Tales of a British entrepreneur in the start-up nation

I’ve learnt that chutzpah goes a long way toward business success. Part of showing chutzpah is not taking no for an answer and doing whatever it takes to achieve your goal.

Tel Aviv view (photo credit: Marc Israel Sellem)
Tel Aviv view
(photo credit: Marc Israel Sellem)
I’ve always been fascinated by Israel’s success.
According to Bill Gates, this tiny country has, “relative to its population, done the most to contribute to the technology revolution.” For starters, there are more Israeli companies on Nasdaq than all of Europe combined. A pretty impressive feat.
So how did Israel do it, surrounded by enemies? Why did Dan Senor and Saul Singer’s book The Start-up Nation inspire our British company to leave London, a major financial center, and relocate to Tel Aviv for awhile? In this post, I want to share some of my own experiences about what has contributed to the “economic miracle” of Israel.
1. Israel’s immigration and assimilation policy I’ve seen such a diverse cultural mix of people. Waves of emigrants from as close as Tunisia and as far as Australia.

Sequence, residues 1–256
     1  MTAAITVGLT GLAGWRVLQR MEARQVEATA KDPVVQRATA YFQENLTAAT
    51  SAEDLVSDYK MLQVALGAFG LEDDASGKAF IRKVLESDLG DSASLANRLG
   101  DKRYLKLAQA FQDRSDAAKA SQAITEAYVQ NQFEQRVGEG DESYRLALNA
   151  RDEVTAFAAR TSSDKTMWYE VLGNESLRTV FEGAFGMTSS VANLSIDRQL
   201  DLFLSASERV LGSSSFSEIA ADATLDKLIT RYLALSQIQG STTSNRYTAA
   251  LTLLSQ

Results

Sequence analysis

Only last week, I went to a start-up networking session with no few than 21 countries represented. The “Start-up nation” has created a melting pot of backgrounds, thought processes and ideas.
This has been made possible by Israel’s open door immigration policy. On the news, I see campaigns galore with agencies and ministers bending over backwards to bring new immigrants to the country. Politicians even run for election promising how many new immigrants they’ll bring to the country.
2. Role of the military A sense of mission is key to building a great team. This applies to any aspect of life, from successful marriages to start-ups. In the army young 18-year-olds put themselves on the line, while at the same time gaining solid leadership and mentorship experience.
One example is my good friend Or Hillel, a young entrepreneur who by the age of 22 had already sold his first online business. Or told me, “They took me as a kid at the age of 18, got me to think by putting me in tough situations where I had work as part of a team to survive.
It helped see the reality of the world through the eyes of an army soldier. This helped me become creative about dealing with tricky situations. To be an entrepreneur you need to be innovative and the army was a great breeding ground for this.”
Going to the workplace later in life breeds more mature, smarter entrepreneurs. I’m a firm believer that the military link between study and entering the fierce world of business is a valuable one. When looking for team players, I can only see it as beneficial to hire a member of staff who has previous experience in sacrificing himself or herself for a bigger cause.
3. Startups – ethos of survivability Israelis continue with their work and entrepreneurship even in the most trying of political situations. No doubt, there are problems here. The existential threat may always hamper the ‘Start-up nation’ from reaching it’s full potential.